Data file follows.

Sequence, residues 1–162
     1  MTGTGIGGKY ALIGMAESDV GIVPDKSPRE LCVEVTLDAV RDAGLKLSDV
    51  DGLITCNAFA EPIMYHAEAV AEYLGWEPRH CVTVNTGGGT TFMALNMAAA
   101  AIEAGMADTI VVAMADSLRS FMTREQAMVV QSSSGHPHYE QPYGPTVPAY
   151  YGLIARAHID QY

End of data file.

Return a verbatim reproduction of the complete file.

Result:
Sequence, residues 1–162
     1  MTGTGIGGKY ALIGMAESDV GIVPDKSPRE LCVEVTLDAV RDAGLKLSDV
    51  DGLITCNAFA EPIMYHAEAV AEYLGWEPRH CVTVNTGGGT TFMALNMAAA
   101  AIEAGMADTI VVAMADSLRS FMTREQAMVV QSSSGHPHYE QPYGPTVPAY
   151  YGLIARAHID QY